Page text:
Year of Publication

2013

Degree Name

Master of Science in Medical Sciences (MSMS)

Document Type

Master's Thesis

College

Medicine

Department

Anatomy and Neurobiology

First Advisor

Paul E.A. Glaser

Second Advisor

Greg A. Gerhardt

Abstract

Epileptogenesis is the complex process of the brain developing epileptic acitivity. Due to the role of glutamate and the hippocampus in synaptic plasticity a dysregulation in glutamate neurotransmission and hippocampal dysfunction are implicated in the process of epileptogenesis. However, the exact causal factors that promote epileptogenesis are unknown.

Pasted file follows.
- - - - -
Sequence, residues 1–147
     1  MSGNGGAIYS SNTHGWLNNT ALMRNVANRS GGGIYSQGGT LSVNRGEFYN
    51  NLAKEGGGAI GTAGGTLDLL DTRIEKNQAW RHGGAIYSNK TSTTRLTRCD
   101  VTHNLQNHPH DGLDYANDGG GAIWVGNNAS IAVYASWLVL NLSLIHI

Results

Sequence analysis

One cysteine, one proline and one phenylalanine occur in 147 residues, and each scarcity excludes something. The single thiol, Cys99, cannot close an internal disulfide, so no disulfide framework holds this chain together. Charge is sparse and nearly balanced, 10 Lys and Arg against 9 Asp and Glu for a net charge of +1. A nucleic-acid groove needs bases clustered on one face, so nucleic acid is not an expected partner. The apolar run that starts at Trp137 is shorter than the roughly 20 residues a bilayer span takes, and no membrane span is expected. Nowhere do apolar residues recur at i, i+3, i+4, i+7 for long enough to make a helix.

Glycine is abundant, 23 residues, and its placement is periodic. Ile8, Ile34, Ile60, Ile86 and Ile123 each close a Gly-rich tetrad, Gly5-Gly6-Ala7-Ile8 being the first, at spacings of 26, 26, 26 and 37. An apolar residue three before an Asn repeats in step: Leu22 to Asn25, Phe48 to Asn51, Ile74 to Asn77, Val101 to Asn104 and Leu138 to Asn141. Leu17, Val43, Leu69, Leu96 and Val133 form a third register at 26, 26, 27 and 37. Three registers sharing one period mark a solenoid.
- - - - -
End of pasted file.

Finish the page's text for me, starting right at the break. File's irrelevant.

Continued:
We study presynaptic proteins that regulate glutamate neurotransmission and their role in epileptogenesis. The presynaptic protein, tomosyn, is believed to be a negative regulator of glutamate neurotransmission; however, no one has studied the effects of this protein on glutamate transmission in vivo. Furthermore, evidence suggests that mice lacking tomosyn have a kindling phenotype. Thus, in vivo glutamate recordings in mice lacking tomosyn have the potential to elucidate the exact role of tomosyn in glutamate neurotransmission and its potential relationship to epileptogenesis.

Here we used biosensors to measure glutamate in the dentate gyrus (DG), CA3, and CA1 of the hippocampus in tomosyn wild-type (Tom+/+), heterozygous (Tom+/-), and knock out (Tom-/-) mice. We found that, in the DG, that glutamate release increases as tomosyn expression decreases across genotype. This suggests that tomosyn dysregulation in the DG leads to an increase in glutamate release, which may explain why these mice have an epileptogenic phenotype.

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